I Live in California. What Do I Owe Climate-Denying Kentuckians?

What moral obligation do we owe to help the residents of Kentucky who experienced that horrendous flooding in February 2023, given that the representatives they elect to the Senate and the House of Representatives have consistently denied that climate change is occurring and have done whatever is in their power to block climate-change legislation? This issue is not comparable to the moral obligation that we owe to provide health care to smokers or the obese, for instance, who suffer the ill effects of their chosen lifestyle. None of us are perfect, and we all, in some manner, contribute to our own ill health. But more important, your smoking does not adversely affect my health. On the other hand, the votes of Kentucky’s elected representatives directly injure me by preventing the passage of effective climate legislation. L.S., Los Angeles

From the Ethicist:

We have special responsibilities toward our fellow citizens — call them civic obligations — that we don’t have toward just anyone. Those civic obligations include a particular duty of aid when our fellows face emergencies.

It’s true that in a democracy we can charge people extra if they choose to impose burdens on the rest of us, as smokers do by raising the costs of health care. We can fine people for polluting air, land and waters. This penalizes and discourages behavior worth discouraging. There are sensible measures, in turn, that we could take to reduce FEMA’s costs, such as improving the maps that specify where flood insurance is required or even forbidding the building of housing in floodplains or vulnerable coastal areas. We could decide that while we will continue to help individuals who chose to live in those zones get to safety, we won’t give them money to rebuild and that they’ll have to pay extra to cover the predictably high costs of protecting them when flooding occurs. But our civic obligations must still be honored when disaster strikes.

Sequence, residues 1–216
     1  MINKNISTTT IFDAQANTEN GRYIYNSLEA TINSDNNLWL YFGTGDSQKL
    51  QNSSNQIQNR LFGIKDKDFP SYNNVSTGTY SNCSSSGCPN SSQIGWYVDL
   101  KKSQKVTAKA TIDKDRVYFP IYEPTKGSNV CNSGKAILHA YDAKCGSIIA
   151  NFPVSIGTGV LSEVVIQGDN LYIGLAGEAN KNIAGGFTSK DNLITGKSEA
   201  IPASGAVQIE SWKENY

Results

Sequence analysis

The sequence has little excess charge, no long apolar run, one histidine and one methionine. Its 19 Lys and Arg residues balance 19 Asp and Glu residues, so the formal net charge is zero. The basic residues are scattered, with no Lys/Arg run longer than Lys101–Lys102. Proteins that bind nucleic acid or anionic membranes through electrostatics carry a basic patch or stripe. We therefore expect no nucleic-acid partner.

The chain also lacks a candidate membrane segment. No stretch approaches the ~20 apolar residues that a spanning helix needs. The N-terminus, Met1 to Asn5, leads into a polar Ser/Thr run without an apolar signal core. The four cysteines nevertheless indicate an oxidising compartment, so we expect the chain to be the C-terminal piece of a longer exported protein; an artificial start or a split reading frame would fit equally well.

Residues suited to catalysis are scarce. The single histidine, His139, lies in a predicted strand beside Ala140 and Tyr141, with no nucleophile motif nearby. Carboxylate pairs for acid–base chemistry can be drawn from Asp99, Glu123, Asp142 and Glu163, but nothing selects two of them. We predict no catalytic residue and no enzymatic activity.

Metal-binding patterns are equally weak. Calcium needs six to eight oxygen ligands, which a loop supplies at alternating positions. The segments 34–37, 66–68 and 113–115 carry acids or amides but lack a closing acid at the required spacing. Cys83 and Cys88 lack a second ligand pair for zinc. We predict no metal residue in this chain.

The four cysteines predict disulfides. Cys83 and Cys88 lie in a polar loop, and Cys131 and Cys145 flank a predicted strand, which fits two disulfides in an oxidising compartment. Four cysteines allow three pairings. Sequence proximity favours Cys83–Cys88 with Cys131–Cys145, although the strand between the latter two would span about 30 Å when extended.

Let’s consider your health care analogy. When an injured motorist arrives at the emergency room, doctors don’t withhold care on the ground that he was drunk and therefore a menace to others. In fact, what you have in mind looks like collective punishment. Kentucky is, as it happens, almost evenly divided between registered Republicans and Democrats — only last year did Republican voters outnumber Democratic ones. Also, more than one-fifth of the state’s residents are under 18. A majority of Kentuckians might not have supported the policies you object to.

And even if they all did? Withdrawing assistance needed by our fellow citizens because they support bad policies looks like trying to change their support for policies by nonrational means. The only legitimate way to defeat bad policies is to get better policies adopted. And that should be done by convincing people, not by penalizing them. Trying to charge people for voting for the wrong policies would be ruinous for a democratic polity.

People often oppose public benefits that they think are aimed at the welfare of fellow citizens they hold in contempt. This was on display in some conservative rhetoric against universal health care coverage and public-assistance programs. Your letter reminds us that this impulse isn’t found just among conservatives. In these fractious times, we need to strengthen, not weaken, a common sense of purpose — a sense that we’re one American people, running the republic together for the good of us all.

Readers Respond

Last week’s question was from a reader who was questioning whether it’s appropriate for her and her children to claim their multiracial heritage. She wrote: “I am a 48-year-old biracial daughter of a Thai immigrant and a white woman who divorced when I was 5. My father moved back to Thailand after the separation, and I didn’t see him again for 26 years. After the divorce, my maternal family was eager to erase my Southeast Asian heritage. … I have since forgotten many of the Thai customs I grew up with before my parents’ divorce. Culturally speaking, I am a Midwestern-born Colorado resident with little to show for my Thai heritage. Now I have three children, all of whom bear a striking resemblance to their father, who is white, and to my mother. My children have met their grandfather only once, when we traveled to Thailand to meet him. As they applied to colleges, my children felt that it would be unacceptable, and grossly unfair, to check any box regarding their ethnicity as anything but ‘white.’ Is it acceptable for me to identify as an Asian person? Is it all right for my children to tell others that they are Asian?”